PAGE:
Slate.com contains a column By Troy Patterson called “Gentleman Scholar” in which he offers etiquette advice for the contemporary man. One of his articles from April 2014 was brought to my attention recently: A Gentleman’s Guide to the Umbrella.
His advice regarding buying an umbrella is the same advice I give: don’t get a $5 flimsy device from the corner store, but there is seldom reason to purchase anything over $20. Black is always fashionable, but any simple neutral tone will do. If you have the money to spend, invest in a handle that you enjoy as much for the visual appeal as for the feel in your hand. When I am asked about the best tool for fighting ruffians as well as the rain, I can’t recommend the “Unbreakable Umbrella” as sold on the Internet. Although it is guaranteed to outlast the fight, I would never carry something that an assailant could take away from me and cause great regret for the financial loss.
Here are the main points of etiquette covered in the article:
When entering an apartment from an interior hallway, leave the umbrella outside. When entering a house, ask what to do. Remember that a man-made puddle on a subway seat is an insult to the whole community. A considerate umbrellarian does not deal with text messages while going down the sidewalk, the better to keep an eye out for opportunities to yield the right of way, as it were, by raising his arm to avoid collisions. An umbrella’s natural state is vertical (but don’t sling it over an uncouth shoulder). An umbrella is rarely to be used for anything other than keeping people dry, but if you’re sitting in the gallery at a music hall, you may correctly pound it against the floor to show approval, adding some percussive notes to the lusty crowd noise.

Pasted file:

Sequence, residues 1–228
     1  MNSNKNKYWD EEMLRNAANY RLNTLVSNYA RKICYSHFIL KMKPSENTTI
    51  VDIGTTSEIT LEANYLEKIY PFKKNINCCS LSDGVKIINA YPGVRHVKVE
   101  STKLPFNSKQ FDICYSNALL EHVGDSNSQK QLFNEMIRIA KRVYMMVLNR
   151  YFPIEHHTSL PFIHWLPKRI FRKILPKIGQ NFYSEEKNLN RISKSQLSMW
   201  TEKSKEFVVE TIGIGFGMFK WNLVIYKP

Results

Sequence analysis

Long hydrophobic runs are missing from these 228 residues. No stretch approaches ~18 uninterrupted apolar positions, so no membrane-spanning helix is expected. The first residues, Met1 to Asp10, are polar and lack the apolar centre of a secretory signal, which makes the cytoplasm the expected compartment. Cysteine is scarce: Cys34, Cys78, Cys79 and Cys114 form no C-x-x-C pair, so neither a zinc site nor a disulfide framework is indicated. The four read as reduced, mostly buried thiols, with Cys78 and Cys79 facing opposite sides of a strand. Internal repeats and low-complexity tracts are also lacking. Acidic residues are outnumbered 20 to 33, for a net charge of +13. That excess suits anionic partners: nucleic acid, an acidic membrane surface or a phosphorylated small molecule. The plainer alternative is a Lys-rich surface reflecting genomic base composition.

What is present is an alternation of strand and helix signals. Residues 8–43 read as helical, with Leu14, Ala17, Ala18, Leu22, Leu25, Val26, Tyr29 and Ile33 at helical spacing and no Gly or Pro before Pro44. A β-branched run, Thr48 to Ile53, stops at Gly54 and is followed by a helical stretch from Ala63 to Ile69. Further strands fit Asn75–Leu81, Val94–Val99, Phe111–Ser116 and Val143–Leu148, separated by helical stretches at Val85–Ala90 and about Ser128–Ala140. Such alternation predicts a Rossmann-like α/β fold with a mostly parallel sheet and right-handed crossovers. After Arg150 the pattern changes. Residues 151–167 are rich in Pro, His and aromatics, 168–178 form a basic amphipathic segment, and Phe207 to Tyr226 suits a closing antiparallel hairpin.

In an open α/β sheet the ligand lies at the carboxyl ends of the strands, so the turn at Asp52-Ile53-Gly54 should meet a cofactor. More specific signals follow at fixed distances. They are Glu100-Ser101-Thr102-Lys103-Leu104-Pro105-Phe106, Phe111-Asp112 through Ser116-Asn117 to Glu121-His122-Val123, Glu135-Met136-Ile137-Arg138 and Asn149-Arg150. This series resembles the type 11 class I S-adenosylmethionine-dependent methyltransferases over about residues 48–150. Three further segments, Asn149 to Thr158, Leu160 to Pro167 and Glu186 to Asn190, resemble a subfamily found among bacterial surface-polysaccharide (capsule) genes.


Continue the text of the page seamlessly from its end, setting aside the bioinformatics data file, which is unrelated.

The article goes on to mention the traditional notion of offering to shelter a lady under one’s umbrella, and the modern concerns over patriarchal overtones and feigned chivalry as a seduction tactic.
The Gentleman Scholar generously mentions our Umbrella Self Defense workshop, and wonders whether we teach according to Barton-Wright’s boast that he can “sever a man’s jugular vein through the collar of his overcoat.” In fact, we do teach that type of blow, but the hyperbole is perhaps overblown. There are other positions and strikes that are preferred for the umbrella over the malacca cane to compensate for the umbrella’s inherent weaknesses and the defender’s safety in realistic scenarios.
We have two remaining Umbrella Self-Defense workshops this year, taking place today, 15 February at 2:00 p.m. and again one month from now on 15 March. If you already have plans for this weekend, register for our next (and last!) workshop in practical self-defence with Vancouver’s ubiquitous accessory.